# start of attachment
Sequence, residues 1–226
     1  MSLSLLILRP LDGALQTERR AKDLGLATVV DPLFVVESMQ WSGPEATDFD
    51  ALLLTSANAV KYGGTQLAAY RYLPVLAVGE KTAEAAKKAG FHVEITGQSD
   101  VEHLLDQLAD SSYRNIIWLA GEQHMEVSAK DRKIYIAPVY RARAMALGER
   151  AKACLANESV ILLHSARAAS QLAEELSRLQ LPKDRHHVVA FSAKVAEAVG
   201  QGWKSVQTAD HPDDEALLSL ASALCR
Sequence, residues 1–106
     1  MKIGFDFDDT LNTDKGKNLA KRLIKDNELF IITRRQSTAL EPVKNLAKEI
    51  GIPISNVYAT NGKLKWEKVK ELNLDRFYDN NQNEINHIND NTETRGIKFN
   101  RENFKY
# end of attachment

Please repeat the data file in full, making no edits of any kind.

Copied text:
Sequence, residues 1–226
     1  MSLSLLILRP LDGALQTERR AKDLGLATVV DPLFVVESMQ WSGPEATDFD
    51  ALLLTSANAV KYGGTQLAAY RYLPVLAVGE KTAEAAKKAG FHVEITGQSD
   101  VEHLLDQLAD SSYRNIIWLA GEQHMEVSAK DRKIYIAPVY RARAMALGER
   151  AKACLANESV ILLHSARAAS QLAEELSRLQ LPKDRHHVVA FSAKVAEAVG
   201  QGWKSVQTAD HPDDEALLSL ASALCR
Sequence, residues 1–106
     1  MKIGFDFDDT LNTDKGKNLA KRLIKDNELF IITRRQSTAL EPVKNLAKEI
    51  GIPISNVYAT NGKLKWEKVK ELNLDRFYDN NQNEINHIND NTETRGIKFN
   101  RENFKY